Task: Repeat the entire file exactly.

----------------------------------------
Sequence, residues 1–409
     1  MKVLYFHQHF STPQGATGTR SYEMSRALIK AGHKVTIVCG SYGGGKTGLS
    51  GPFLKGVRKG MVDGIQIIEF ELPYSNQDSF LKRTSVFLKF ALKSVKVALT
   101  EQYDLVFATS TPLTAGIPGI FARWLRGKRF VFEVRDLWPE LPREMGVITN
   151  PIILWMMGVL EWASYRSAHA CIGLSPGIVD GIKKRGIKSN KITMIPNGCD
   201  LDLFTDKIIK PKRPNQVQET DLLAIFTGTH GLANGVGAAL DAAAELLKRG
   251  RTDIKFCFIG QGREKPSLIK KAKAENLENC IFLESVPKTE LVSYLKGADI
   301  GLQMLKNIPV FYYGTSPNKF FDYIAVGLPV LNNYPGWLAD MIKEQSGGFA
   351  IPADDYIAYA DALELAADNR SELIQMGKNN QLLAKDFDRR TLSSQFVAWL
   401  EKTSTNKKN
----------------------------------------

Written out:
Sequence, residues 1–409
     1  MKVLYFHQHF STPQGATGTR SYEMSRALIK AGHKVTIVCG SYGGGKTGLS
    51  GPFLKGVRKG MVDGIQIIEF ELPYSNQDSF LKRTSVFLKF ALKSVKVALT
   101  EQYDLVFATS TPLTAGIPGI FARWLRGKRF VFEVRDLWPE LPREMGVITN
   151  PIILWMMGVL EWASYRSAHA CIGLSPGIVD GIKKRGIKSN KITMIPNGCD
   201  LDLFTDKIIK PKRPNQVQET DLLAIFTGTH GLANGVGAAL DAAAELLKRG
   251  RTDIKFCFIG QGREKPSLIK KAKAENLENC IFLESVPKTE LVSYLKGADI
   301  GLQMLKNIPV FYYGTSPNKF FDYIAVGLPV LNNYPGWLAD MIKEQSGGFA
   351  IPADDYIAYA DALELAADNR SELIQMGKNN QLLAKDFDRR TLSSQFVAWL
   401  EKTSTNKKN